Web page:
Note that we are updating the numbers further below daily – scroll down for numbers of people with the virus.

Update 4th April

President Pedro Sanchez will be asking congress next week to extend the special measures by a further 15 days, to us up to April 26th.

This has not been confirmed yet, and will need to be ratified. We’ll update here, next week, if and when it is confirmed.

Update 4th April

Lluis Serra, who is the spokesman for the scientific committee advising The Canarian government said in a statement last night that the islands have already passed the peak of infections, and that the number of patients in hospital and intensive care has been falling over the last few days.

He went on to suggest that some elements of the confinement restrictions may be able to be lifted during the month of April.

Update 3rd April

In the last 24 hours, The Canary Islands have had 46 new coronavirus cases confirmed – the lowest daily increase since the 18th March. Early days yet, but this may be an indication that the islands have passed the peak infection rate.

Update 31st March.

Health experts have said The Canary Islands are in a “privileged position” with Coronavirus. According to all parameters, the islands are fairing much better than other regions of Spain, with fewer infections and a significantly lower death rate. Hospitals are coping well, and the number of new infections has started falling in the week when it was predicted we would reach our peak of new infections.

Luis Serra, spokesman for the committee, told the press that the battle is not yet won, and there could still be reverses.

Update 29th March.

The President has announced an extension to the special measures, which will requite all non-essential workers to take paid leave and stay at home from 30th March until 9th April. See full lockdown details here: Lanzarote Lockdown.

Update 28th March.

The total number of cases on the islands has broken through the 1,000 barrier. Lanzarote has recorded the third death from the virus, and across the islands 36 people have died. Tenerife remains the hot spot, with more than half the cases, and flights between Tenerife and other islands have been suspended.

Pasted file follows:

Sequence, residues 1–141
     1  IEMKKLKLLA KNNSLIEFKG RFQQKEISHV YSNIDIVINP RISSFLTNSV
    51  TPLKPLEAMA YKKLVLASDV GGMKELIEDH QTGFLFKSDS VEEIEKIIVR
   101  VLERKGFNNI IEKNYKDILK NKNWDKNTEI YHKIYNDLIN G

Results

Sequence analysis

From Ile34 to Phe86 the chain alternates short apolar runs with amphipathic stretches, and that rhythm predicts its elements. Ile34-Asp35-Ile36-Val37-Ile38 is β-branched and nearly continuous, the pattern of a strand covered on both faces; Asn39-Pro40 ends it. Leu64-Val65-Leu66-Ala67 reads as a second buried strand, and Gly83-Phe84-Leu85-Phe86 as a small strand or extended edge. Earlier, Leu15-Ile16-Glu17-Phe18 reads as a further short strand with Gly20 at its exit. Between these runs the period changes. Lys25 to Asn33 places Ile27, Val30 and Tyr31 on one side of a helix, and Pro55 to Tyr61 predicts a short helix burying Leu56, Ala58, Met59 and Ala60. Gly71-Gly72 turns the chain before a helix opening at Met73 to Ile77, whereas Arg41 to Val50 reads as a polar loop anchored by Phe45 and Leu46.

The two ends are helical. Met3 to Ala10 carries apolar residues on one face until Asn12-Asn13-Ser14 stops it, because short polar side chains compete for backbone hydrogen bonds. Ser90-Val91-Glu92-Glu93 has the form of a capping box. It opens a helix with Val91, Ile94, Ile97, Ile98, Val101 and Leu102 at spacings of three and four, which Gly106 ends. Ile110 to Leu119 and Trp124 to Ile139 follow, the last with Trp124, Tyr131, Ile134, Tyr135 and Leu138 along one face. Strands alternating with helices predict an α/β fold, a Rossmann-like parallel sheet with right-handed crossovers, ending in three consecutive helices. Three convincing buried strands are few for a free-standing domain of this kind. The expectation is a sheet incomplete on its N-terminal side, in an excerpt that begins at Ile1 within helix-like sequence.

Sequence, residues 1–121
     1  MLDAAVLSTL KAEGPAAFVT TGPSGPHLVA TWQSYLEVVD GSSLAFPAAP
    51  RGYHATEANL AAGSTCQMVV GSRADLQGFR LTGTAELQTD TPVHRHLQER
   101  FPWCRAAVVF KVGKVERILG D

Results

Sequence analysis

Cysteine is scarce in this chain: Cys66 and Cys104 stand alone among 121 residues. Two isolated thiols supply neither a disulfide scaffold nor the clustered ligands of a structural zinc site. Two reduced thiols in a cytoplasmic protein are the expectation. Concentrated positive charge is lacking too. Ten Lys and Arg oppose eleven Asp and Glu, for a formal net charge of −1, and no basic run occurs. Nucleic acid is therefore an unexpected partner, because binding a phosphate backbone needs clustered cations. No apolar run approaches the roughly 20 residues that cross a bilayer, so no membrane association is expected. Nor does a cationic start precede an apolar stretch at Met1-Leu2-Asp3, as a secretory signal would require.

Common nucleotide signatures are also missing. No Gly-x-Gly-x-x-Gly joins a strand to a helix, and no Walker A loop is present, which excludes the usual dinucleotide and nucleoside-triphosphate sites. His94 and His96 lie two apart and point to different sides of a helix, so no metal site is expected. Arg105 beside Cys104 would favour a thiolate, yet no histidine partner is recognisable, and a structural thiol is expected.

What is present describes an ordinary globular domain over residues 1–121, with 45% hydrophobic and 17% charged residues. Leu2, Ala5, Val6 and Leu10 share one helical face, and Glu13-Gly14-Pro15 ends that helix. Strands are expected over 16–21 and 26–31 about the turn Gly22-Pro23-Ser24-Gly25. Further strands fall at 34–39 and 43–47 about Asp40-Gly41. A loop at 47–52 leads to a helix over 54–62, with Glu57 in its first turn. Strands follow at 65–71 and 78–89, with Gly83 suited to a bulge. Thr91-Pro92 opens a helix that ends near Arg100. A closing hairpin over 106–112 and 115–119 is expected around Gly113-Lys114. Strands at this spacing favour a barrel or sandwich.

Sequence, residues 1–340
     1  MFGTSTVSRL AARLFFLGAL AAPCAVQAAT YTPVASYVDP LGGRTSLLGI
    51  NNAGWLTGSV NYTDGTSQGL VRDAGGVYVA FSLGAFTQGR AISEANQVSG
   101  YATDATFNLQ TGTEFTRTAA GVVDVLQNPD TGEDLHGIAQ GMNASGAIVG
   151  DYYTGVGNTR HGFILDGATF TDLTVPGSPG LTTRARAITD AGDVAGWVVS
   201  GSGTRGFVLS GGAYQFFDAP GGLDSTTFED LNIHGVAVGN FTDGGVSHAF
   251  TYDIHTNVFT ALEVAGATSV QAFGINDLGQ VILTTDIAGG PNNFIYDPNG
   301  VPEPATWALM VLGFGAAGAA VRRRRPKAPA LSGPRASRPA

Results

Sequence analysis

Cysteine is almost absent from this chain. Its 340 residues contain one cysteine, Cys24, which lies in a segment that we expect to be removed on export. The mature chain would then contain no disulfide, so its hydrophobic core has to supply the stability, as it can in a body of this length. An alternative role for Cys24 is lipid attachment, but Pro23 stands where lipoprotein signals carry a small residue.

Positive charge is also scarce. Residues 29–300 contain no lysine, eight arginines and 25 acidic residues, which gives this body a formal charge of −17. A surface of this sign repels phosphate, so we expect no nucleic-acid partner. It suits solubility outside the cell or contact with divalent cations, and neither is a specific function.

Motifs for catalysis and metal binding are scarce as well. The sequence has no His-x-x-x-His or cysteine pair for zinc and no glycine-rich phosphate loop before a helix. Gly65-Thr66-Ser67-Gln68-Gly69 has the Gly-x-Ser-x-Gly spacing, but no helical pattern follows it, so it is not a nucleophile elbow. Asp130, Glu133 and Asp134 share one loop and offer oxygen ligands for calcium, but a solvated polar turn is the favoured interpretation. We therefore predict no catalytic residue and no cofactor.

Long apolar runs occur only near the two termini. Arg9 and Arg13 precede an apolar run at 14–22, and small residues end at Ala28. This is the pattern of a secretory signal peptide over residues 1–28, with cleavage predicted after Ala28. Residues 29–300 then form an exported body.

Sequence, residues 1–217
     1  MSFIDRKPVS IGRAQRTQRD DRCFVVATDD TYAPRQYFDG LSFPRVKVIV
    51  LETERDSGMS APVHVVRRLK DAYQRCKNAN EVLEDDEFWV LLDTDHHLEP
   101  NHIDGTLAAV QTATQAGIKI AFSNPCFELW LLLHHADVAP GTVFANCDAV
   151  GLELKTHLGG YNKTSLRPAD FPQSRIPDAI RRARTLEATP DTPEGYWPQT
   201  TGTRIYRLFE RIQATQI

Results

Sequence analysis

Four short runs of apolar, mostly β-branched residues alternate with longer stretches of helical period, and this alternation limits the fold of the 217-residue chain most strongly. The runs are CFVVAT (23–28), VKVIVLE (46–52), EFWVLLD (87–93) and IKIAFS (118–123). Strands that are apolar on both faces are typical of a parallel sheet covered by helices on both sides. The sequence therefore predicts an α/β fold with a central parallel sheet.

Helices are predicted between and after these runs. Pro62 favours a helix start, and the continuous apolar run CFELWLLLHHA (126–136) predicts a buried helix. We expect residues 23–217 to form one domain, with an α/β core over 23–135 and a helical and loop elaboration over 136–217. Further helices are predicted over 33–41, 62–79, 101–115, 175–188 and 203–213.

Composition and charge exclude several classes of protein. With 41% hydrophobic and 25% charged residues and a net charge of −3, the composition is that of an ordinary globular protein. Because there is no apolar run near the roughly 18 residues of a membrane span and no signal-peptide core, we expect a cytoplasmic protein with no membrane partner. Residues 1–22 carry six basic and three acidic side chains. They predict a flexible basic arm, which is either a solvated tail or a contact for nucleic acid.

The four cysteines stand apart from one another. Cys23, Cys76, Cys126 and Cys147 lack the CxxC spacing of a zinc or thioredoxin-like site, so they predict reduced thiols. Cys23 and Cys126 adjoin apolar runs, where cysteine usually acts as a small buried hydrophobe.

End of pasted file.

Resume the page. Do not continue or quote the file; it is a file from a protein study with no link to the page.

Update 25th March 2020.

Lanzarote had announced the first death from the virus –  a 71 year old German resident from Yaiza.

A military aircraft has delivered more masks, gloves and test kits to the island for the health service.

Update 24th March 2020

Lanzarote remains steady with nine active cases. Tests are having to be sent to Gran Canaria currently for verification.

The Canary Islands government has asked Madrid for permission to keep some hotels open after the 26th as it is still thought that there are around 3,000 tourists on the island. More than 33,000 have left the island in the last seven days.

The airport is closing T1 for disinfection and any remaining flights will operate to T2.

Update 18th March 2020

It has now been confirmed by Sanidad that the four additional cases reported in Lanzarote were “false positives.” The initial test carried out on the island, is then checked with a more sophisticated test in Madrid, and in the case of three, they proved negative. The fourth is being tested again.

That means Lanzarote currently has three active cases.

Update 14th March 2020 – Emergency Measures

Prime Minister Pedro Sanchez announced a series of emergency measure which will last for 15 days:

All travel across Spain is to be limited from midnight on Saturday 14th March. Citizens are required to stay at home unless they have to make essential journeys. Fines of €500 to €2000 will be imposed on people out and about without a good reason.

All retail establishments, with the exception of those selling food, pharmacies, tobacconists, news stands, IT equipment suppliers and other essential supplies.

All bars and restaurants will be closed, and people are asked to maintain at least a one metre space where they do encounter others.

At this stage, we have no information about the airports in Spain, but the assumption is that they will be closed to incoming flights other than those arriving empty to repatriate tourists. We’ll update as soon as more information is available.

Read about what you can and can’t do during the Lanzarote Lockdown.

Canary Islands

There are 1564 active cases of Coronavirus on the Canary Islands currently and 78 people have died.

Lanzarote currently has 68 active cases and has had three deaths – a 71 year old German man, an 80 year British man and an 80 year old Canarian lady.

Currently, there are no active cases of coronavirus in La Graciosa – the only island with no cases.

Tenerife remains the hardest hit island, with more than half of the active cases.

Note: Some readers have pointed out that there are differences between the figures published across various media. That’s because Coronavirus is a moving feast and the numbers change all the time. There is one official bulletin that comes to media outlets at 1200 each day and is based on the numbers from 2000 the previous evening. These are the figures we use.

Also note that we use “Active cases” as our key measure. These can go down as well as up – as people recover or lose their lives, they are no longer considered active.

If you have symptoms

The Canary Islands Health Service has asked anyone with the symptoms of Coronavirus (mainly fever, tiredness, and a dry cough, although some people may have aches and pains, nasal congestion, runny nose, sore throat or diarrhoea) to call 112 or +34 900 112 061 for English speakers.

Do not visit the hospital or a local clinic, the doctor will come to you.

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